In the Estate of Reda Brown Allison Appeal from County Court of Jefferson County (memorandum opinion)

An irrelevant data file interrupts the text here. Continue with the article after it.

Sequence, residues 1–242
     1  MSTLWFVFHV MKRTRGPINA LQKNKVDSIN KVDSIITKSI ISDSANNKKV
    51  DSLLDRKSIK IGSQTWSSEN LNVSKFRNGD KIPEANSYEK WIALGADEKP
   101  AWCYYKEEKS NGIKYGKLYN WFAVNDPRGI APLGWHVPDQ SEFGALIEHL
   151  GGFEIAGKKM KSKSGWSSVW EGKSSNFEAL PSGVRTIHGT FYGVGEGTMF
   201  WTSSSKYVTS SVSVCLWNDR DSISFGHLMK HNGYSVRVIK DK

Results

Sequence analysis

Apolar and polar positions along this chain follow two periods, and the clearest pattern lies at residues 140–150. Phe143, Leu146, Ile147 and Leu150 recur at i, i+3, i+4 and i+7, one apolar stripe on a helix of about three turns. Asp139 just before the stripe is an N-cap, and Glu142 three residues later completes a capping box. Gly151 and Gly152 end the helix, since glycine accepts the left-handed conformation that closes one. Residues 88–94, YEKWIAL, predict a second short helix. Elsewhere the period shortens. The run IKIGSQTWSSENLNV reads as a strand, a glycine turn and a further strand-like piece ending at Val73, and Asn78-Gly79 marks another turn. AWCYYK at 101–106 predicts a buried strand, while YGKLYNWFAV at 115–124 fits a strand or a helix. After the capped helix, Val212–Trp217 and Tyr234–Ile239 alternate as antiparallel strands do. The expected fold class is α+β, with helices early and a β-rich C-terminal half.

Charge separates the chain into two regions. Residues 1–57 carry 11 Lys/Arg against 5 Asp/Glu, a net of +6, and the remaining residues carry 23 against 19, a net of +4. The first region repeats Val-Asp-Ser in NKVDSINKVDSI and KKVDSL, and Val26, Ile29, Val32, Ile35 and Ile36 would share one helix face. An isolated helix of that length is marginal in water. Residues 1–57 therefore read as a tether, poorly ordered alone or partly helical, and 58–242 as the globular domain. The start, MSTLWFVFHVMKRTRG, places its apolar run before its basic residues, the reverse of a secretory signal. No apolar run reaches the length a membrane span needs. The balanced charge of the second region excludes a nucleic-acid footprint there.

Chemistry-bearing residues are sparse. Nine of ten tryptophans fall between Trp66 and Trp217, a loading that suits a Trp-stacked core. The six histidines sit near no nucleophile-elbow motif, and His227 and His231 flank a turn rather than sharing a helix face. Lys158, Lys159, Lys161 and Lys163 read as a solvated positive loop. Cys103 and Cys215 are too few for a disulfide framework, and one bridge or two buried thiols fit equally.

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In The Court of Appeals Ninth District of Texas at Beaumont _________________ NO. 09-16-00066-CV _________________ IN THE ESTATE OF REDA BROWN ALLISON __________________________________________________________________ On Appeal from the County Court Jefferson County, Texas Trial Cause No. 111894 __________________________________________________________________ MEMORANDUM OPINION This appeal arises from a dispute involving the administration of an estate and whether two tracts of property were owned by Reda Brown Allison when she died. We conclude that the Estate’s claim that Reda owned the tracts when she died is barred by limitations. We further conclude that the doctrine of judicial estoppel does not prevent Reda’s son, Albert Allison III (Ray), from showing that in 1988, a corporate entity in which he is the sole shareholder acquired the two disputed tracts from Reda and her husband, Albert Ray Allison Jr. (Albert). We reverse the trial court’s order of February 8, 2016, based on our conclusion that the disputed tracts do not belong in Reda’s estate. 1 Background Reda died in October 2014. She was 81 years old at that time. In 2004, Reda executed the will admitted in the probate proceeding in which she divided her estate equally between her three children, Ray, Linda Lou Allison Miller, and Crystal Corrine Allison Harrington. Reda’s will requested that her youngest daughter, Crystal, be named as the independent executor of Reda’s estate. In January 2015, the county judge appointed Crystal as the independent executor of Reda’s estate. The dispute that is the subject of this appeal arose when Crystal filed an inventory that included two tracts of property (the disputed tracts), as properties that Reda owned when she died.1 The parties also dispute whether Ray is entitled to retain 1 The smaller of the disputed tracts contains approximately 23 acres and lies partly in Newton County and partly in Jasper County. The larger of the disputed tracts contains approximately 132 acres and lies in Newton County. While none of the parties have questioned our jurisdiction over the appeal, we note that because Reda died in Jefferson County, the county judge, as the presiding officer of Jefferson County’s constitutional county court, exercised jurisdiction over the claims of Reda’s estate to the tracts, even though those tracts are not located in Jefferson County. We also note that Jefferson County has no statutory probate court, and that none of the parties asked the county judge to transfer the dispute to a county court at law. See Tex. Est. Code Ann. § 31.002(a)(5), (b)(1) (West 2014) (including in “a matter related to a probate proceeding” actions for “trial of title to real property that is estate property”), § 32.001(a) (West 2014) (granting jurisdiction over probate proceedings to the court exercising original probate jurisdiction over “all matters related to the probate proceeding”), § 32.002(b) (West 2014) (providing that in counties that do not have a statutory probate court, but in which they do have county courts at law exercising probate jurisdiction, the county court and county court at law have concurrent original jurisdiction unless otherwise provided by law), § 32.004(a) (West 2014) (requiring that a county judge in a county where a county court at law exercises probate jurisdiction to transfer the proceeding to the county 2 several payments that he collected from Billy Rawls after Reda’s death, which were based on an agreement that Reda made with Rawls in 2008 to sell the smaller of the disputed tracts to him. After the county judge approved the proposed inventory for Reda’s estate, Crystal filed a motion requesting that the county judge order the tracts delivered to the Estate so they could be sold. Crystal’s motion alleges that her parents, Albert and Reda, transferred the disputed tracts to “AFCI, Inc. in order to shield [the tracts] from IRS leavy (sic) or collection measures.” Ray and Linda filed a response and opposed Crystal’s motion on the basis that the disputed tracts were not owned by Reda when she died. In their response, Ray and Linda asserted that in 1988, Albert and Reda deeded the tracts to AFCI, that the acronym AFCI referred to in the deeds to the disputed tracts is The Allison Financial Corporation, Inc., that Ray “was and remains the sole shareholder of AFCI, Inc.,” and that the disputed tracts, which were deeded to AFCI, were not properties that belong in Reda’s estate. Additionally, Ray and Linda’s response raises a statute of limitations defense to the Estate’s claim that the disputed tracts belonged in Reda’s estate. As to the payments that Rawls made to Ray on the smaller tract after Reda’s death, the response alleges that after learning of Reda’s decision to sell the smaller court at law if a party files a motion requesting that the proceeding be transferred to the county court at law). 3 tract to Rawls, Ray agreed to honor his mother’s agreement with Rawls. Ray’s response indicates that the proceeds that he received from Rawls after Reda’s death rightfully belonged to him as the beneficial owner of AFCI, which owns the properties. In January 2016, the county judge conducted an evidentiary hearing on the claims of the Estate to the disputed tracts. The evidence admitted during the hearing includes certified copies of the deeds to the disputed tracts. The deeds contain Albert’s and Reda’s notarized signatures. Each deed reflects that it was duly recorded in the appropriate county office where that tract is located. The parties did not dispute the facial validity of the deeds to the disputed tracts in the hearing, nor do they contest the facial validity of the deeds in the appeal. Following the hearing, the county judge reduced his findings and conclusions to writing. The county judge found that AFCI was the intended grantee to the disputed tracts. The Estate does not claim that Reda and Albert were tricked into conveying the tracts to AFCI. Additionally, the Estate does not contest Ray’s claim that he is the sole shareholder of AFCI.2 See Tex. R. App. P. 38.1(g) (allowing the Crystal, as the executor of Reda’s estate, alleged that her parents believed they were shareholders in the entity to which they conveyed the disputed tracts. However, AFCI’s stock ledger was one of the exhibits admitted into evidence during the hearing conducted to resolve whether the tracts were properties that belonged to Reda’s estate. The ledger shows that AFCI issued only one share of stock, and that the share was issued to Ray. Ray’s stock certificate, another exhibit admitted into evidence during the hearing, does not show that Ray ever transferred his share in 2 4 appeals court in a civil case to accept as true the facts stated in the “Statement of Facts” section of the appellant’s brief unless the facts stated in that section are contradicted by another party). The evidence admitted in the hearing reflects that Reda’s husband, Albert, died in 2001. Reda was named the executor of his will. Exhibits admitted during the hearing include Albert’s will and the inventory of the assets in his estate. The inventory filed in Albert’s estate does not show that Albert’s estate claimed ownership of the disputed tracts. It also does not identify any shares in AFCI as property that belonged to Albert when he died. Ray and Linda rely on the inventory that was filed in Albert’s estate to support their argument that Albert and Reda were aware they conveyed the disputed tracts to AFCI before they died. In support of the Estate’s claim that Reda thought she owned the tracts when she died, the Estate relies on evidence showing that in 2008, Reda sold the smaller of the disputed tracts to Rawls. Under Reda’s agreement with Rawls, Rawls agreed to pay Reda approximately $38,000 to purchase the smaller of the disputed tracts. The purchase agreement, which bears Rawls’ signature, shows that he paid $5,000 toward the $38,000 purchase price in 2008, and that he agreed to pay the remaining AFCI to anyone. The evidence in the hearing also shows that AFCI forfeited its right to do business in 1989 after it failed to file a state franchise tax return, and nothing in the record shows that AFCI attempted to have its right to conduct business in Texas restored after 1989. 5 balance in monthly installments starting in February 2008. Additionally, the purchase agreement required Rawls to pay the property taxes on the tract, and required Reda to furnish Rawls with a deed to the tract “when contract terms have all been met.”3 Reda’s 2012 federal tax return reflects that Reda reported interest on the sale of the smaller tract on her personal return. Reda’s return identifies the interest that Reda received in 2011 on the transaction with Rawls as “Billy Rawls SFM.” The tax form on the return defines “SFM” as “seller-financed mortgage.” During the hearing on the Estate’s motion, Crystal argued Albert and Reda continued to treat the disputed tracts as their own after the tracts were conveyed to AFCI. The evidence in the hearing shows that Albert and Reda continued to operate the larger tract as a farm. Based on the way her parents treated the tracts after 2008, Crystal claimed that Albert and Reda never intended to alienate the tracts from their estates. Following the hearing, the county judge found that the disputed tracts belonged to the Estate, in fee simple.4 Additionally, the county judge’s order 3 The records Reda kept reflect that Rawls did not make regular monthly payments toward his purchase of the tract. Ray testified that after Reda died, he began collecting the payments that Rawls was obligated to make under the agreement that he made with Reda. We note that Crystal did not file the Estate’s suit as a trespass to try title action. However, Ray and Linda also never objected to Crystal’s failure to comply with the rules of civil procedure that apply to trespass to try title claims. See Tex. R. Civ. P. 783-809 (Rules applying to trespass to try title actions). Additionally, the county judge did not require the parties to comply with section 22.001 of the Texas Property Code to resolve whether the tracts were properties owned by Reda’s estate. 4 6 resolving the dispute recites that the Estate’s title in the disputed tracts “is forever quieted against any and all claims or demands of The Allison Financial Corporation, Inc., a/k/a/ AFCI, Inc., Albert Ray Allison, III, individually and/or Linda A. Miller, individually[.]” With respect to the money that Ray collected from Rawls on the smaller of the disputed tracts, the county judge’s order required Rawls to make all future payments on the tract he purchased to Crystal, as the executor of Reda’s estate. The order also required Ray to reimburse Reda’s estate for the installment payments he began collecting on the smaller tract after Reda died. Ray and Linda appeal from the county judge’s order concluding that the disputed tracts were owned by Reda when she died. See Tex. Prop. Code Ann. § 22.001 (West 2014). In their appeal, Ray and Linda have not argued that the trial court erred by failing to try the case as a trespass to try title action. Consequently, we resolve the issues in the appeal without the benefit of the formal pleading rules and record that would have been created had the dispute been tried as a trespass to try title action. See Land v. Turner, 377 S.W.2d 181, 183 (Tex. 1964) (noting that “[t]o recover in trespass to try title, the plaintiff must recover upon the strength of his own title”). Given the fact the case was not handled as a trespass to try title action, we do not intend our opinion to imply that any of the parties provided the court with evidence that is sufficient to allow a court to trace title to the disputed tracts to the sovereign. Compare Tex. Prop. Code Ann. § 22.001(a) (providing that “[a] trespass to try title action is the method of determining title to lands, tenements, or other real property”), with Tex. Civ. Prac. & Rem. Code Ann. § 37.004(c) (West 2015) (permitting resolution of boundary disputes by declaratory judgment actions if the sole issue is the proper boundary between adjoining properties). 7 Analysis Waiver The county judge failed to address in his findings whether limitations barred the claims made by Reda’s estate that Reda owned the property when she died. On appeal, the Estate argues that Ray and Linda failed to properly raise limitations as a defense to its claim that the disputed tracts were owned by Reda when she died. We address the Estate’s waiver argument before we address the issues that Ray and Linda raise in their appeal. Limitations is an affirmative defense that must be affirmatively pled as a defense to another party’s claims. Tex. R. Civ. P. 94 (Affirmative Defenses). The pleadings and brief that Ray and Linda filed in the trial court raise statute of limitations defenses. A response they filed to the Estate’s motion asking that the county judge order the disputed properties delivered to the Estate raises limitations as a defense to the Estate’s request. Additionally, following the hearing, and before the county judge decided the dispute, Ray and Linda filed a brief discussing their statute of limitations defenses in detail. By awarding the tracts to Reda’s estate, the county judge implicitly rejected Ray and Linda’s claim that the Estate’s claims were barred by limitations. Tex. R. App. P. 33.1(a)(2)(A) (providing that an error is preserved if the complaint is presented in a manner sufficient to make the trial court 8 aware of the complaint and the trial court ruled on the request, either expressly or by implication). We hold that Ray and Linda did not waive their limitations defense. Limitations Next, we address whether the claims of Reda’s estate to the disputed tracts are barred by limitations. To determine whether the Estate’s claims were filed within the period proscribed by the relevant statutes of limitation, we must determine when Reda’s claims to the tracts accrued. The record shows that Reda and Albert executed the deeds to the disputed tracts in April 1988. The record also shows that the Estate never claimed that any of the signatures on the deeds were forged or that the deeds were not duly recorded. Generally, the question of when a claim accrues is decided as a question of law. Town of Dish v. Atmos Energy Corp., 519 S.W.3d 605, 609 (Tex. 2017). “A cause of action accrues ‘when a wrongful act causes a legal injury, regardless of when the plaintiff learns of that injury or if all resulting damages have yet to occur.’” Id. (quoting Provident Life & Accident Ins. Co. v. Knott, 128 S.W.3d 211, 221 (Tex. 2003)). In this case, the county judge’s written findings state that the tracts were deeded to AFCI “in order to shield” them “from tax levy or collection measures of the United States Internal Revenue Service.” None of the parties have challenged that finding in the appeal. Additionally, the Estate has not claimed that Reda was unaware of the nature of the transaction involving the disputed tracts. In its brief, the 9 Estate alleges that conveying the disputed tracts to AFCI “was a fraudulent and sham transaction designed to shield the [two tracts] from possible IRS levy.” Under the circumstances shown on this record, which indicates that Reda was a party to the alleged fraud, we conclude that Reda’s claims to avoid the deeds accrued when she executed the deeds. See Cosgrove v. Cade, 468 S.W.3d 32, 39 (Tex. 2015) (explaining that the grantors of a deed are charged with notice of the contents of their deed on execution). Had Reda filed a claim seeking to void the deeds while she was alive, her legal and equitable claims would have been subject to four-year statutes of limitation.5 See Tex. Civ. Prac. & Rem. Code Ann. § 16.004(a)(4) (West 2002) (providing a fouryear period in which to bring a claim for fraud), § 16.051 (West 2015) (providing that every action for which no express period applies “must be brought not later than four years after the day the cause of action accrues”); Ford v. Exxon Mobil Chem. Co., 235 S.W.3d 615, 617-18 (Tex. 2007) (holding that actions seeking to set aside voidable deeds are required to be filed no later than four years after the cause of 5 We assume without deciding that an alleged fraudfeasor has a right to challenge the validity of the allegedly fraudulent instruments that she signed. In their brief, Ray and Linda claimed that Reda did not have standing to claim that the deeds to the tracts were voidable. Nonetheless, we need not reach the standing issue to dispose of the appeal. See Tex. R. App. P. 47.1 (allowing an appellate court to address only those issues needed to finally dispose of the appeal). 10 action accrues).6 Fraud claims,7 whether brought pursuant to the statute for fraud in real estate transactions or at common law, and whether characterized as legal or equitable claims, are also governed by four-year statutes of limitation. See Tex. Bus. & Com. Code Ann. § 27.01 (West 2015) (providing cause of action for frauds that involve real estate transactions); Tex. Civ. Prac. & Rem. Code Ann. § 16.004(a)(4) (providing a four-year period from the date of accrual to file a cause of action for We note that the pleadings filed by Reda’s estate did not allege that Ray or AFCI agreed to hold the disputed tracts in trust, nor did the Estate claim that an enforceable trust agreement existed that governed Reda’s rights to the tracts. See Tex. Prop. Code Ann. § 112.004 (West 2014) (providing that a trust agreement creating a trust that holds real or personal property is enforceable only if there is written evidence of the trust’s terms bearing the signature of the settlor or the settlor’s authorized agent). No evidence was introduced in the hearing showing that Albert, Reda, or Crystal believed that AFCI agreed to hold the disputed tracts in trust for the benefit of Reda, Albert, or their children. At the beginning of the hearing, the county judge made a comment that possibly reflects the court viewed the circumstances related to the property as one involving a trust. Nonetheless, if the county judge’s conclusion that Reda and Albert did not intend to permanently alienate their ownership of the tracts implies that a trust existed governing the tracts, such a finding and conclusion is not supported by pleadings or evidence proving the existence of a written trust. Had the Estate attempted to introduce testimony about an alleged oral trust in the hearing, which it did not, the statute of frauds that applies to trusts makes oral trust agreements unenforceable in the absence of any proof that a written trust agreement ever existed. See id. 6 Ray and Linda have not challenged the Estate’s fraud claims on the basis that Reda’s claims did not survive her death. Nevertheless, we note that at common law, fraud claims involving real estate are generally considered to have survived the injured party’s death. See Vial v. Gas Solutions, Ltd., 187 S.W.3d 220, 225-28 (Tex. App.—Texarkana 2006, no pet.) (concluding that the heirs of the defrauded party had standing to file a claim seeking to recover an interest in property based on a claim for fraud). 7 11 fraud); Ford, 235 S.W.3d at 618 (providing that Texas law with respect to challenging the validity of a deed “is well settled that once limitations has expired for setting aside a deed for fraud, that bar cannot be evaded by simply asserting the claim in equity”). Consequently, absent the application of a rule deferring limitations beyond 1992, Reda’s claims, had she made any, seeking to avoid the validity of the deeds she signed, would have been barred well before 2014.8 Tex. Civ. Prac. & Rem. Code Ann. §§ 16.004(a)(4), 16.051. Crystal argues that limitations on Reda’s claims should be deferred because she did not discover the allegedly fraudulent scheme concerning the disputed tracts until after she was appointed as the executor for the Estate. However, “Texas courts have refused to apply the discovery rule to claims arising out of probate proceedings [] even in the face of allegations of fraud.” Little v. Smith, 943 S.W.2d 414, 420 (Tex. 1997). And, even if Reda did not know who actually owned AFCI when she executed the 1988 deeds, “[a] record titleholder’s ignorance of what [she] owns does not affect the running of limitations.” Nat. Gas Pipeline Co. of Am. v. Pool, 124 S.W.3d 188, 198 (Tex. 2003). We conclude that the deeds put Reda on notice that she was conveying the tracts to a corporate entity, and there was no evidence introduced in Given our conclusion that Reda’s claims under the facts and circumstances in this case accrued on April 26, 1988, her last day to file claims to avoid the validity of the deeds she signed was April 26, 1992. 8 12 the hearing showing that Ray misled Reda about his ownership of AFCI. See Cosgrove, 468 S.W.3d at 38-39 (explaining that without showing fraud, property owners “may not claim a failure to understand what they were signing as grounds for avoiding the transaction”). In its brief, Reda’s estate relies primarily on S.V. v. R.V., 933 S.W.2d 1 (Tex. 1996), Computer Associates International v. Altai, Inc., 918 S.W.2d 453 (Tex. 1996), and Estate of Stonecipher v. Estate of Butts, 591 S.W.2d 806 (Tex. 1979), to support its argument that limitations should be deferred until Crystal learned of the allegedly fraudulent scheme involving the disputed tracts. However, these cases do not support the Estate’s argument that it had the right to pursue claims on Reda’s behalf that would have been barred by limitations before she died. For example, S.V. v. R.V. offers no support for the Estate’s claim that an estate can pursue a stale claim. 933 S.W.2d 1. In S.V., S.’s child R. relied on the discovery rule in an effort to avoid S.’s limitations defense to his daughter’s claims that he had negligently sexually abused her when she was a minor. Id. at 3. The opinion addresses R.’s claim that she repressed the memories involving her father’s sexual assaults. Id. at 8, 25. Ultimately, the Court held that because R.’s injury was not inherently undiscoverable, the discovery rule did not apply to R.’s claims. Id. Reda’s claims, like R.’s, were not inherently undiscoverable while Reda was alive. In our opinion, the discussion in S.V. v. R.V. rejecting the application of the discovery rule 13 supports Ray and Linda’s argument that the discovery rule does not apply to the Estate’s claims. Computer Associates also provides no support for the Estate’s argument that the discovery rule applies to its claims. 918 S.W.2d 453. In Computer Associates, the Texas Supreme Court rejected Computer Associates’ claim that the discovery rule applied to its claims. Id. at 458. The case did not involve claims pursued by a testator’s estate, and the general discussion in Computer Associates concerning when the discovery rule applies does not address whether it applies when the testator is allegedly a knowing participant in an allegedly fraudulent scheme. Id. at 455-58. Stonecipher is distinguishable because the Court in that case held the discovery rule applied where the testator was the victim of a fraudulent scheme designed to prevent the testator from learning that a defendant the testator sued, when the testator was alive, owned property on which the testator had the right to execute to collect a judgment on behalf of the testator’s estate. 591 S.W.2d at 807. In Stonecipher, no claim was made that Stonecipher had been a party to the alleged fraud. Id. Because Stonecipher was the victim of the fraud, the Texas Supreme Court held that the claims of his estate for the injury that occurred to him were subject to the discovery rule, and the Court remanded the case for trial to allow Stonecipher’s estate to prove that Stonecipher, while he was alive, exercised reasonable diligence 14 to discover whether the individuals against whom he obtained a judgment had assets. Id. at 810. Generally, Crystal argued in the probate hearing that her parents did not fully realize all of the consequences attendant to conveying the disputed tracts to AFCI. Nonetheless, given both Albert’s and Reda’s deaths, the parties cannot establish whether Albert and Reda were aware that the tracts would no longer be part of their estates after deeding them to AFCI. While it is possible that Albert and Reda did not realize all of the ramifications attendant to their decision to sign the deeds, Crystal’s effort linking suspicion on suspicion does not replace the legal requirement that a party prove its claims. See Browning-Ferris, Inc. v. Reyna, 865 S.W.2d 925, 927 (Tex. 1993) (noting that “some suspicion linked to other suspicion produces only more suspicion, which is not the same as some evidence”). Reda’s estate argues that the dates relevant to the accrual of Reda’s claims to the disputed tracts revolve around when Crystal as the executor of Reda’s estate learned that the tracts were transferred to a corporation that her parents did not own. However, nothing in the Civil Practice and Remedies Code indicates that the Legislature intended to allow a claim that was already barred by limitations before the decedent’s death to be revived upon the decedent’s death. See Tex. Civ. Prac. & Rem. Code Ann. § 16.062 (West 2015) (suspending limitations in case of an individual’s death during a period to allow the appointment of an administrator or 15 executor up to a maximum period of twelve months); see generally Russell v. Ingersoll-Rand Co., 841 S.W.2d 343, 345 (Tex. 1992) (explaining that because survival actions are wholly derivative of the decedent’s rights, a decedent’s action that “would have been barred by limitations had it been asserted immediately prior to his death” when based on the same alleged wrong “is likewise barred”). The Estate has not shown that the Estate had the legal right to pursue claims that were timebarred in 1992, twenty-two years before the date of Reda’s death. In conclusion, the circumstantial evidence surrounding the execution of the deeds was legally insufficient to establish that Ray engaged in a pattern of conduct designed to mislead his parents into believing that they retained legal title to the disputed tracts after signing the deeds. We conclude that the four-year limitations period expired on Reda’s statutory and common law fraud claims in 1992, well before Reda died in 2014. We further conclude that the discovery rule does not apply to the Estate’s claims because the alleged injury to Reda was not inherently undiscoverable. Because Reda’s claims were barred by limitations before she died, the claims Reda’s estate made to the disputed tracts were also barred. Payments on tract purchased by Rawls Because the claim made by Reda’s estate to the smaller of the disputed tracts was barred by limitations, the Estate’s claim that Ray was not entitled to the payments Rawls made toward his purchase of the smaller tract after Reda died also 16 has no merit. Although Reda no longer owned the smaller of the disputed tracts when she deeded it to Rawls, Ray’s testimony in the probate hearing indicates that he ratified Reda’s agreement by accepting the payments that Rawls made toward his purchase of the tract after he learned that Reda signed a contract to sell the tract to Rawls. As AFCI’s sole shareholder, and because AFCI was the owner of the smaller tract according to the deeds that were in evidence, Ray had the right to ratify Reda’s agreement with Rawls.9 See Land Title Co. of Dallas, Inc. v. F.M. Stigler, Inc., 609 S.W.2d 754, 756-57 (Tex. 1980) (explaining that “[r]atification may occur when a principal, though he had no knowledge originally of the unauthorized act of his The Estate did not challenge Ray’s standing in the probate court or in the appeal to assert claims on behalf of AFCI. AFCI is an entity that was not a party to the proceedings below, and is not a party to the appeal. Nevertheless, the Texas Estates Code allows “[a]ny interested person” to file a written complaint in probate court setting forth why an inventory to an estate is erroneous or unjust. Tex. Est. Code Ann. § 309.103(a)(1) (West 2014). The term “interested person” is broadly defined by the Estates Code to include, among others, those “having a property right in or claim against an estate being administered[.]” Tex. Est. Code Ann. § 22.018(1) (West 2014). As AFCI’s sole shareholder, Ray is the beneficial owner of AFCI’s assets since its charter was forfeited. See Regal Constr. Co. v. Hansel, 596 S.W.2d 150, 153 (Tex. Civ. App.—Houston [1st Dist.] 1979, writ ref’d n.r.e.) (explaining that shareholders of a corporation whose charter has been forfeited may prosecute or defend actions involving corporate property because “legal title to the assets remains in the corporation, but the beneficial title to the assets of the corporation is in the stockholders”). As the beneficial owner of AFCI’s interest in the disputed tracts, we conclude that Ray had the right to defend AFCI’s interest in the disputed tracts. See Humble Oil & Refining Co. v. Blankenburg, 235 S.W.2d 891, 894 (1951). Nonetheless, we further note that because the suit was not filed as a trespass to try title claim, we express no opinion about the validity of the deeds Ray executed in December 2014 as AFCI’s sole shareholder conveying the disputed tracts away from AFCI. 9 17 agent, retains the benefits of the transaction after acquiring full knowledge”). We hold that the Estate failed to prove that it was legally entitled to receive any of the money that Ray received from Rawls toward his purchase of the smaller tract. We further hold that the Estate has no claim that Reda had a right to collect the balance of the money that Rawls owes under the agreement he made to purchase the smaller of the disputed tracts. Judicial Estoppel “The doctrine of judicial estoppel ‘precludes a party from adopting a position inconsistent with one that it maintained successfully in an earlier proceeding.’” Pleasant Glade Assembly of God v. Schubert, 264 S.W.3d 1, 6 (Tex. 2008) (quoting 2 Roy W. McDonald & Elaine G. Carlson, Texas Civil Practice § 9.51 (2d ed. 2003)). In this case, the county judge applied the doctrine to prevent Ray and Linda from relying on the duly recorded deeds that reflect the disputed tracts were conveyed to AFCI. On appeal, Ray and Linda challenge the trial court’s conclusion that judicial estoppel applies to their claims. While the reasons the county judge concluded that judicial estoppel applied to Ray’s and Linda’s claims are not entirely clear, it appears the judge based the court’s conclusion largely on schedules that Ray filed in connection with his personal bankruptcy. The evidence in the hearing shows that Ray filed for bankruptcy in 2006. On the schedule listing his assets in bankruptcy court, Ray 18 represented that his shares of AFCI had a “par value” of $0.00. The county judge apparently viewed this representation as tantamount to a representation that AFCI had no assets, implying that the representation of par value reflected that AFCI did not claim to own the disputed tracts. However, the schedules do not state that AFCI did not own the disputed tracts, and the assets and liabilities of AFCI are not listed in the bankruptcy schedules that were filed in the probate proceeding that is the subject of the appeal. A representation that a corporation has a stated par value, whether it is $0.00 or some other number, does not reflect whether it has assets. With respect to stock, the term “par value” is the value assigned to the stock in the company’s corporate charter. See NEW OXFORD AMERICAN DICTIONARY 1278 (3d ed. 2010) (defining the term “par value” as “the nominal value of a bond, share of stock, or a coupon as indicated in writing on the document or specified by charter”).Therefore, listing of a stock’s par value does not show whether or not the company has any assets. Moreover, none of Ray’s bankruptcy filings in evidence in the probate proceeding represented that AFCI did not own the disputed tracts. The Estate also did not prove that Ray was required to identify the assets held by AFCI on the schedules that he filed of his assets, but the schedules do show that Ray owns stock in AFCI. The county judge also apparently concluded that judicial estoppel applied in this case because Ray failed to list AFCI as a “single asset real estate” business on 19 his bankruptcy schedules. In our opinion, the evidence presented in the hearing failed to demonstrate that AFCI was required to be listed in Ray’s bankruptcy filings as a “single asset real estate” business. The Bankruptcy Code defines the term “single asset real estate” as “a single property or project, other than residential real property with fewer than 4 residential units, which generates substantially all of the gross income of a debtor who is not a family farmer and on which no substantial business is being conducted by a debtor other than the business of operating the real property and activities incidental thereto.” 11 U.S.C.S. § 101(51B) (LEXIS through Pub. L. No. 115-60). When Ray filed for bankruptcy, the evidence before the county judge proved that AFCI owned the two disputed tracts. Therefore, the evidence before the county judge showed that AFCI owned more than a single tract of property. Additionally, the evidence did not show that the disputed tracts were ever operated by AFCI as one project; instead, the evidence shows that one of the tracts was operated by Ray’s parents as a farm at that time. Moreover, the evidence presented in the hearing does not address whether AFCI’s operation of the disputed tracts produced substantially all of Ray’s gross income when Ray filed for bankruptcy. We hold the trial court erred by ruling that judicial estoppel prevented Ray and Linda from claiming that AFCI owned the disputed tracts. 20 Conclusion The evidence does not support the county judge’s conclusion that the disputed tracts were owned by Reda’s estate when she died. Instead, the evidence admitted in the hearing conclusively proved that Reda did not own the tracts on the date of her death. We reverse the trial court’s order of February 8, 2016, and we render judgment that the disputed tracts are not part of Reda’s estate. We further hold that the Estate, as a matter of law, has no reimbursement claim for the payments that Rawls made to Ray toward Rawls’ agreement to purchase the smaller of the disputed tracts. Finally, we hold that the trial court erred in ordering Rawls, who was not a party to the proceedings, to make all of the remaining payments under his agreement to purchase the smaller tract to Crystal, as the executor of Reda’s estate. See Tex. R. App. P. 43.2(c). REVERSED AND RENDERED. ___________________________ HOLLIS HORTON Justice Submitted on July 5, 2017 Opinion Delivered October 19, 2017 Before Kreger, Horton and Johnson, JJ. 21